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where/when should I initialize static class data members?

P: n/a
They should be initialized before any instance is created. I have no idea in
which file, in which place should I put their initialization code to be sure
they are initialize only once, before any instance is created.
I cannot visualize the control flow of an executing program when the code is
split in multiple files.


Mar 21 '07 #1
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6 Replies


P: n/a
On Mar 21, 4:23 pm, "r.z." <g...@hjkjhk.plwrote:
They should be initialized before any instance is created. I have no idea in
which file, in which place should I put their initialization code to be sure
they are initialize only once, before any instance is created.
I cannot visualize the control flow of an executing program when the code is
split in multiple files.
Except for integral constants, which may be initialized in the class
definition, you generally want them in the .cpp file associated with
your .hpp file. If the code for a class needs to be split into
multiple .cpp files, that may be an indication that your class is too
big and is doing to much (time to refactor!). The code to initialize
static vars gets run automatically and only once before main()
executes. Often order of initialization doesn't matter, but if it
does, there are some subtle problems that can crop up. See this FAQ
and those following:

http://www.parashift.com/c++-faq-lit...html#faq-10.12

Cheers! --M

Mar 21 '07 #2

P: n/a
r.z. <gk***@hjkjhk.plwrote:
They should be initialized before any instance is created. I have no idea in
which file, in which place should I put their initialization code to be sure
they are initialize only once, before any instance is created.
I cannot visualize the control flow of an executing program when the code is
split in multiple files.
This sounds like it might be a case of the "static initialization order
fiasco". Maybe this entry (and the ones following it) in the FAQ can
provide some insight:

http://www.parashift.com/c++-faq-lit...html#faq-10.12

--
Marcus Kwok
Replace 'invalid' with 'net' to reply
Mar 21 '07 #3

P: n/a
Marcus Kwok wrote:
r.z. <gk***@hjkjhk.plwrote:
>They should be initialized before any instance is created. I have no idea in
which file, in which place should I put their initialization code to be sure
they are initialize only once, before any instance is created.
I cannot visualize the control flow of an executing program when the code is
split in multiple files.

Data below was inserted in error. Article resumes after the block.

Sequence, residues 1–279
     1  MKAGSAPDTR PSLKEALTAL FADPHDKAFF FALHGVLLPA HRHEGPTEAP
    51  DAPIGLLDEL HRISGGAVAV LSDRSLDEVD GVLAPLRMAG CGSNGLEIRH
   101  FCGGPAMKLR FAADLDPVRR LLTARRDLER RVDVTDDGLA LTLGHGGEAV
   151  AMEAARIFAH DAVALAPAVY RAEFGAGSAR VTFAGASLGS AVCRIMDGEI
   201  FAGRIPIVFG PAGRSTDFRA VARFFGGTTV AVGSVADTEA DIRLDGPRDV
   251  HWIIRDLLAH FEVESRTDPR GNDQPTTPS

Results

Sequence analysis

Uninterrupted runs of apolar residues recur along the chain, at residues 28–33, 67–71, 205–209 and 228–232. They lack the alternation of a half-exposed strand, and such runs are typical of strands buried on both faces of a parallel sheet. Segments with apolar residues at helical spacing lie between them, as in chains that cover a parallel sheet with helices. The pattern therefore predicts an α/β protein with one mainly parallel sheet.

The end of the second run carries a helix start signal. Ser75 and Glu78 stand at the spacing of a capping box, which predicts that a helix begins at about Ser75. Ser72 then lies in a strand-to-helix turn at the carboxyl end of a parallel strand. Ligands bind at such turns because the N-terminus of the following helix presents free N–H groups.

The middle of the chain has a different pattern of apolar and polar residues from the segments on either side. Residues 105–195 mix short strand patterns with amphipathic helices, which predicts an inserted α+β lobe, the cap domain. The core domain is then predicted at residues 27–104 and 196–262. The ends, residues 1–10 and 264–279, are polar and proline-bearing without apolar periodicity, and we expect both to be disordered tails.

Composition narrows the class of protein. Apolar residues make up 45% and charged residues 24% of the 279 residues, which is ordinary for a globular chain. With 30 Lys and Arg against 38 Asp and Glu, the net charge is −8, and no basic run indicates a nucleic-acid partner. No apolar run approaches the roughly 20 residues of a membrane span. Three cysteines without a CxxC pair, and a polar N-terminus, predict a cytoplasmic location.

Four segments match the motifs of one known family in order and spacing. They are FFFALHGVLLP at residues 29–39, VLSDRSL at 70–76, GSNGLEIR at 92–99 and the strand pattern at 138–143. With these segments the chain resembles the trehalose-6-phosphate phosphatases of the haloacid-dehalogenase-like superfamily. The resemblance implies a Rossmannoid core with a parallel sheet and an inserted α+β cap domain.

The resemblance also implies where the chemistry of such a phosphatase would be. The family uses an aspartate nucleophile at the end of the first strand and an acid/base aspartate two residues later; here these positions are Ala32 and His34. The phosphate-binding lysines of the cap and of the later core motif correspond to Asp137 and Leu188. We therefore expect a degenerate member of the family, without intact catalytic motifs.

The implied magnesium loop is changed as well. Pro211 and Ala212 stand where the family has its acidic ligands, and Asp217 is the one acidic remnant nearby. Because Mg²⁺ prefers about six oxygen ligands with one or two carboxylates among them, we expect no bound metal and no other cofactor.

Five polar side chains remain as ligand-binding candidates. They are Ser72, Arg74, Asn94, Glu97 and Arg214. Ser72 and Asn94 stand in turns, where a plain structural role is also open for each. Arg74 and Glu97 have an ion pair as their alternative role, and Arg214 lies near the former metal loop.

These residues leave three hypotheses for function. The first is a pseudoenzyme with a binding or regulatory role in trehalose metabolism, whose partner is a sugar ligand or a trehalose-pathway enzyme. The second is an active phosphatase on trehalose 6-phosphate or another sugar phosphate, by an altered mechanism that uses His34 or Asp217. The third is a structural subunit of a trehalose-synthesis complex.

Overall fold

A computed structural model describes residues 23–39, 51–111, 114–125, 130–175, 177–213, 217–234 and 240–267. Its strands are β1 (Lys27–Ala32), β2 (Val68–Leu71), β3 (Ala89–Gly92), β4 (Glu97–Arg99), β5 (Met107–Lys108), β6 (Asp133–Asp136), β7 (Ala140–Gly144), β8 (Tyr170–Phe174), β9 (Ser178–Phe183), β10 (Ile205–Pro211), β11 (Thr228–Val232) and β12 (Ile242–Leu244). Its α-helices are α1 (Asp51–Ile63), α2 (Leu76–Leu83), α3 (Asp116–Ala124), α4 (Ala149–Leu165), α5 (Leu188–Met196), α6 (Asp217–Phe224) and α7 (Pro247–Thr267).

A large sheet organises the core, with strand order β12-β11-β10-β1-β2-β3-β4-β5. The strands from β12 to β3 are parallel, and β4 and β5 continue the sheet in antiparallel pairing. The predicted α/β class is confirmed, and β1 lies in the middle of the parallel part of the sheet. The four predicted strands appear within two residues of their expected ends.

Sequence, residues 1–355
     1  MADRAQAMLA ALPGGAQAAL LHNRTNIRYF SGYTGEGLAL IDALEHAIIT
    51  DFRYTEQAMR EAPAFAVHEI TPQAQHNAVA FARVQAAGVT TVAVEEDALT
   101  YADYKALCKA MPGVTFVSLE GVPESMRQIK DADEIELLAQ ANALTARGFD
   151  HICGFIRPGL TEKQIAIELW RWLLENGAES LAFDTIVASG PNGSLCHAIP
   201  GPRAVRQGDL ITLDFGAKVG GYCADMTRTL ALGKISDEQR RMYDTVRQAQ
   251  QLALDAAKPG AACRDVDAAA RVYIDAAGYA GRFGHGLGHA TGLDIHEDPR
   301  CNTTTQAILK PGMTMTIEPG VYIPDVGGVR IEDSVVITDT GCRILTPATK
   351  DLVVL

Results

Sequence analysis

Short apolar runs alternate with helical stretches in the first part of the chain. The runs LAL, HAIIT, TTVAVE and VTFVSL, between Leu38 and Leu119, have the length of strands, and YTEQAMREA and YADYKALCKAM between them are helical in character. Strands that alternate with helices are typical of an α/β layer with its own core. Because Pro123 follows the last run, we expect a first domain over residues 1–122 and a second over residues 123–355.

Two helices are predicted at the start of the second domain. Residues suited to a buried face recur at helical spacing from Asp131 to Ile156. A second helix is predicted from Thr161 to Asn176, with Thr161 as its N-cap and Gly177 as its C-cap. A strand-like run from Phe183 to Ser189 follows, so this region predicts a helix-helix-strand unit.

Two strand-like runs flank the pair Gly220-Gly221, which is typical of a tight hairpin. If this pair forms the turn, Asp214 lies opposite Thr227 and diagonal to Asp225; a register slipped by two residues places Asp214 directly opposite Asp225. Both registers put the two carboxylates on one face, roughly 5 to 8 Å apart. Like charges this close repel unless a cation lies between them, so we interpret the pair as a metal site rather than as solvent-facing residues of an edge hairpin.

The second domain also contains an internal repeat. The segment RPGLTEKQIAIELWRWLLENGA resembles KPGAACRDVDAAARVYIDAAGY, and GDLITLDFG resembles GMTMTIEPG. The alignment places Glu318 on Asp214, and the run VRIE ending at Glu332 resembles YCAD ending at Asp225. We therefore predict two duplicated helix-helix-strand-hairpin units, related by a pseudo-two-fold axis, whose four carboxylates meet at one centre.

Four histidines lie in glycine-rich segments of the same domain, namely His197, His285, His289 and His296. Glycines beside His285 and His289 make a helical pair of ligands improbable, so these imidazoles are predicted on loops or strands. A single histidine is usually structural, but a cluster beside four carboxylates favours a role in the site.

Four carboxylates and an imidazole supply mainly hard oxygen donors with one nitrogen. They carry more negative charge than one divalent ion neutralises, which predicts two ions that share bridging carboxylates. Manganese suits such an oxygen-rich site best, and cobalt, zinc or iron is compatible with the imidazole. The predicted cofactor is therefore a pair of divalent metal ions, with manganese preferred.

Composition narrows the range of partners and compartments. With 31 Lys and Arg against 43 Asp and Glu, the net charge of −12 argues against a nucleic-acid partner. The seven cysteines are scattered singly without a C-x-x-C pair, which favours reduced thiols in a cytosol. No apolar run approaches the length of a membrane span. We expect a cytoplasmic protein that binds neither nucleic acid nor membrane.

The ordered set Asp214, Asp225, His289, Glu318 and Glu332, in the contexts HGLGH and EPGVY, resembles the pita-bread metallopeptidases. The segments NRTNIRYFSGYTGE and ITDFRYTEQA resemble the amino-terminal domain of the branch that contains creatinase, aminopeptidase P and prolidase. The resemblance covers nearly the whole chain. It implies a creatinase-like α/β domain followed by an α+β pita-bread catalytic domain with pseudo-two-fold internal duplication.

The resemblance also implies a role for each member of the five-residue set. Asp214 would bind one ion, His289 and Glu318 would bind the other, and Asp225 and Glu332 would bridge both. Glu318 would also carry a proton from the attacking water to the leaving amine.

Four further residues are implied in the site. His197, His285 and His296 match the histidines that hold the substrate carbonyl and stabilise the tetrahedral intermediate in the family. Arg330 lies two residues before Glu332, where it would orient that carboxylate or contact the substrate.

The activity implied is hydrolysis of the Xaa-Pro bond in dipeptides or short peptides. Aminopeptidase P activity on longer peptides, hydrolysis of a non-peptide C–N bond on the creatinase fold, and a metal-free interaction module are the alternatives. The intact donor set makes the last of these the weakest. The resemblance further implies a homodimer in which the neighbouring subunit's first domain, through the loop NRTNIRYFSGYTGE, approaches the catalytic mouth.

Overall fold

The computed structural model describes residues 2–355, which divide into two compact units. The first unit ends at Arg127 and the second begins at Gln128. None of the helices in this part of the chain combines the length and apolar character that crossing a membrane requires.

This sounds like it might be a case of the "static initialization order
fiasco". Maybe this entry (and the ones following it) in the FAQ can
provide some insight:

http://www.parashift.com/c++-faq-lit...html#faq-10.12
Now, I'm concerned on my own code. Will I hit the initialization order
fiasco on this code?

// A.h

class B;
class A {
private:
static B x;
public:
static void f();
};

// A.cpp

#include "A.h"
#include "B.h" // details irrelevant, assume
// void B::do_something() exists

B A::x;

void A::f()
{
x.do_something();
// do other stuff
}

// main.cpp

#include "A.h"

int main()
{
A::f();
}
Mar 21 '07 #4

P: n/a
On Mar 21, 9:23 pm, "r.z." <g...@hjkjhk.plwrote:
They should be initialized before any instance is created. I have no idea in
which file, in which place should I put their initialization code to be sure
they are initialize only once, before any instance is created.
I cannot visualize the control flow of an executing program when the code is
split in multiple files.
One of possibilities is if the references to static are local to
single function/single cpp file, the var should be defined in that
file.

Mar 21 '07 #5

P: n/a
On 21 Mar, 21:05, red floyd <no.s...@here.dudewrote:
Now, I'm concerned on my own code. Will I hit the initialization order
fiasco on this code?
No. The static initialisation order fiasco is an issue when you have
*two* different static objects (e.g. obj1 and obj2) defined in
*different* source files *and* your code relies on one being
constructed before the other (e.g. during construction of obj1, obj1
calls a member function obj2). The problem is that there is no way you
can control which of obj1 and obj2 is constructed first, but if obj1
happens to be constructed first there is no obj2 yet for it to use.
Bang - you're dead.

Your code below only contains one static object, A::x, of type B.
// A.h

class B;
class A {
private:
static B x;
public:
static void f();

};

// A.cpp

#include "A.h"
#include "B.h" // details irrelevant, assume
// void B::do_something() exists

B A::x;

void A::f()
{
x.do_something();
// do other stuff

}

// main.cpp

#include "A.h"

int main()
{
It is guaranteed that, by the time you enter main here, A::x is fully
constructed, therefore the call to A::f() below, which in turn calls a
member function of A::x, is fine.
A::f();
}
What would be a problem would be if you had something like this (not
tested):

// C.h
#include "A.h"
class C
{
public:
// Constructor indirectly calls do_something() on A::x
C() { A::f(); }
};

and you changed main.cpp to

#include "A.h"
#include "C.h"

C c;

int main()
{
A::f();
}

Now A::x and c are defined in different translation units and you have
no control over which is constructed first. But the construction of c
involves calling do_something() on A::x. So if the compiler happens to
choose to construct c first, you suffer death by fiasco.

Gavin Deane

Mar 22 '07 #6

P: n/a
Gavin Deane wrote:
[incredibly lucid explanation redacted]
Many thanks, Gavin!

Mar 22 '07 #7

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